Green ammonia

Hydrogen is strongly positioned as a key solution for decarbonizing the energy systems of the future. But hydrogen is challenging to store and transport. This is where ammonia comes in as the easiest way of transporting and storing hydrogen. Yara has established a new global unit – Yara Clean Ammonia – to capture growth opportunities within carbon-free food solutions, shipping fuel and other clean ammonia applications. Yara Clean Ammonia took its first major step forward by partnering with Statkraft and Aker Horizons to establish Europe’s first large-scale green ammonia project in Norway. The partners plan to electrify and decarbonize Yara’s ammonia plant in Porsgrunn. 2020 also heralded the announcement of a green ammonia pilot collaboration with Ørsted, located in Yara’s Sluiskil, Netherland site. This brings Yara’s green ammonia portfolio to three pilot projects and one full-scale project.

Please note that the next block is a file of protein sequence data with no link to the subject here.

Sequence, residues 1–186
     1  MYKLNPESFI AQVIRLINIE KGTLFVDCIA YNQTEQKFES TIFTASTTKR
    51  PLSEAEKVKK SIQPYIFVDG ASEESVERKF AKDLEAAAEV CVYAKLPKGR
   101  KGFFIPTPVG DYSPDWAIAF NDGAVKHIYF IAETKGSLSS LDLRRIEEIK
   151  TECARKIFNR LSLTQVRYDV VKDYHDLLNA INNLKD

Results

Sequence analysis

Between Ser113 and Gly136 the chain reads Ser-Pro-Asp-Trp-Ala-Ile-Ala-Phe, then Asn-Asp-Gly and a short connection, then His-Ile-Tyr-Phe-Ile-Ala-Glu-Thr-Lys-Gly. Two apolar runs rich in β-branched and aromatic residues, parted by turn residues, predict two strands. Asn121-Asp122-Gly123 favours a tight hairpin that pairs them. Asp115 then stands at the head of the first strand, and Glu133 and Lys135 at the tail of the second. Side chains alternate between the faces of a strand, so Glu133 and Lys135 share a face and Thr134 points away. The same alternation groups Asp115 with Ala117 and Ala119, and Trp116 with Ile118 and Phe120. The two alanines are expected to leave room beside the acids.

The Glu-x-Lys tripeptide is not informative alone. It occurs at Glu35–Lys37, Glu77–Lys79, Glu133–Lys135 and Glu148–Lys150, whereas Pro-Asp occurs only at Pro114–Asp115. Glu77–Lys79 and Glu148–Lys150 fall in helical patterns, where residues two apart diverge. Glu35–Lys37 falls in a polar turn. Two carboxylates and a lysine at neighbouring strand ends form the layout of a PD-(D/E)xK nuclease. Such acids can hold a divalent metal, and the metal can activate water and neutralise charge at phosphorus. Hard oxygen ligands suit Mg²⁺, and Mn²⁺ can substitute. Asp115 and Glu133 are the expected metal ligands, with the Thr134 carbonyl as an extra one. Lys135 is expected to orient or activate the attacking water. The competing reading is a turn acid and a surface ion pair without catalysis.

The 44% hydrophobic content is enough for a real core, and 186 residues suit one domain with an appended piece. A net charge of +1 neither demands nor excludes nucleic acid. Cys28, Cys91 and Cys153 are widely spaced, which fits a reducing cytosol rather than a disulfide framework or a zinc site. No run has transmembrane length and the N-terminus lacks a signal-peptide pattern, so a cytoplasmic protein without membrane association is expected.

Food chain partnerships

Agriculture is becoming increasingly integrated into the food value chain. Input providers are joining forces, farms are growing in scale and professionalism, the food industry is moving upstream, and conscious consumers are putting pressure on the food and agriculture industry to achieve new levels of sustainability. A case in point is Yara’s pilot project in Colombia with global food company Nestlé. By collaborating from soil to supermarket, sustainability in dairy production is improved, farmer profitability increased, and consumer demands for sustainable dairy products met. After 9 months of improved crop nutrition and farm management practices, the trial farms reduced the CO2 emissions per liter milk by 21%, while milk production increased.

PepsiCo's Positive Agriculture ups its game

PepsiCo has announced a new, impact-driven Positive Agriculture ambition, anchored by a goal to spread regenerative farming practices across 7 million acres, approximately equal to its entire agricultural footprint.